White Sox 6, Angels 5
ANAHEIM, Calif. (AP)—The Chicago White Sox swept the Angels in Anaheim once again.
Pablo Ozuna scored the go-ahead run on Scot Shields’ ninth-inning wild pitch, and the White Sox beat Los Angeles 6-5 Sunday to complete a three-game sweep of the team they defeated in the AL championship series.
“They have a very complete team, and it’s going to be a challenge for any team to dethrone them,” Shields said. “I hope we’re up to the challenge.”
Chris Widger drove in two runs for the defending World Series champions, who swept a regular-season series in Anaheim for the first time since August 1994. Chicago, which won three straight in Anaheim for the AL pennant last fall, tied a franchise record with its 17th victory in April.
“The way we started, we thought it was going to be a real tough April, but it’s turned out OK,” manager Ozzie Guillen said. “We’ve performed real well, even though the pitching staff has not been consistent—except for a couple of guys.
“We faced teams we did not have success against in the past and we started slow. Coming out to the West Coast hasn’t been easy for us in the past, but we’ve picked it up little by little. And with the pitching staff we have, we know that we have a chance to win every time we take the field.”
Widger, who entered 1-for-13 this season, led off the ninth with a single against Shields (1-2), and Ozuna ran for him. Ozuna stole second, advanced on Scott Podsednik’s sacrifice and scored when Shields bounced a pitch past rookie catcher Jeff Mathis.
“I was trying to go low and away with the fastball, ended up throwing it in the dirt and inside, and gave Jeff no chance at blocking it,” Shields said. “It’s a hard way to get the loss. I’d much rather have given up a hit right there and have them beat me than beat myself.”
Orlando Cabrera was 3-for-4 with a homer and three RBIs for the Angels, who had won 39 of their previous 54 regular-season home games against the White Sox prior to this year.
The White Sox, who set a major league record last season by taking a lead in each of their first 37 games, have had a lead in all but two en route to a 17-7 start.
“There definitely is a target on us, but we haven’t let anything bother us,” starting pitcher Jon Garland said. “We’ve had other players and other managers saying stuff about our team, but the guys have stayed focused and we’ve been played consistent baseball and doing the right things.”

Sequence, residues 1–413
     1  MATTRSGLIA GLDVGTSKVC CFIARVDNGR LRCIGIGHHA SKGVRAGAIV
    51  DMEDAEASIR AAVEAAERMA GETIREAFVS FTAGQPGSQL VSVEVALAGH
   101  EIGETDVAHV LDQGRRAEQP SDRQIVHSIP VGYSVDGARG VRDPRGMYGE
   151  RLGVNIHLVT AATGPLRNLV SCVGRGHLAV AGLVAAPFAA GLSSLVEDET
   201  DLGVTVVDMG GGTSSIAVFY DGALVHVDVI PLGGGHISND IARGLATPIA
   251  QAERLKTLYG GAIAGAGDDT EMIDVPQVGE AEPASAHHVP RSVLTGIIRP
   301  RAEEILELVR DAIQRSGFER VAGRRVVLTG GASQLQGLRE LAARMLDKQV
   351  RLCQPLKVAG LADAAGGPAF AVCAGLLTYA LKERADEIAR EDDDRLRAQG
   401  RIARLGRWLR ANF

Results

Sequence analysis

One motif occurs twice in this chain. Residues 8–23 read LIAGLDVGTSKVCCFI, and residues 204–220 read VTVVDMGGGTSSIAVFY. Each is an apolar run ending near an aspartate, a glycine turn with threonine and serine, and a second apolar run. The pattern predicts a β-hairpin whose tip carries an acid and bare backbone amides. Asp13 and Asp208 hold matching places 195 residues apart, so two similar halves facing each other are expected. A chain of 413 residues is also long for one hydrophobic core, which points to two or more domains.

Garland allowed five runs and five hits in seven innings. Last year, the right-hander became the first White Sox pitcher since 1935 to win his first eight starts of the season before the Angels beat him in his next outing. Garland lost to them again in September, but responded a month later with a four-hitter in his first career postseason start.
Chicago tied it at 5 in the sixth against Ervin Santana. Joe Crede and Rob Mackowiak hit consecutive doubles, Juan Uribe had a sacrifice bunt and Widger added a sacrifice fly. Santana allowed five runs and eight hits in seven innings.
The Angels took a 5-3 lead in the fifth on Chone Figgins’ sacrifice fly and a two-out, two-run homer by Cabrera on the next pitch. It was the fourth home run this season for Cabrera, who is 9-for-19 against Garland.
“I wish Cabrera wasn’t in the lineup because he owns me right now,” Garland said.
“All in all, it was a good month,” Konerko said. “I mean, you can’t win anything early in the season, so you just try not to shoot yourself in the foot and get off to a real bad start that can cost you. For most of the month we weren’t hitting on all cylinders, but we still picked up some wins when we needed to.”
After the game, the Angels optioned OF Reggie Willits to Triple-A Salt Lake and recalled RHP Chris Bootcheck. … Chicago RF Jermaine Dye, the World Series MVP, left in the fifth because of a sore left calf muscle. … Scioscia picked RHP Kevin Gregg to start Thursday at Detroit in place of RHP Kelvim Escobar, who was knocked out of Saturday night’s start in the fifth inning because of a blood blister on his middle finger. … Crede was 3-for-3 after getting hit by a pitch his first time up.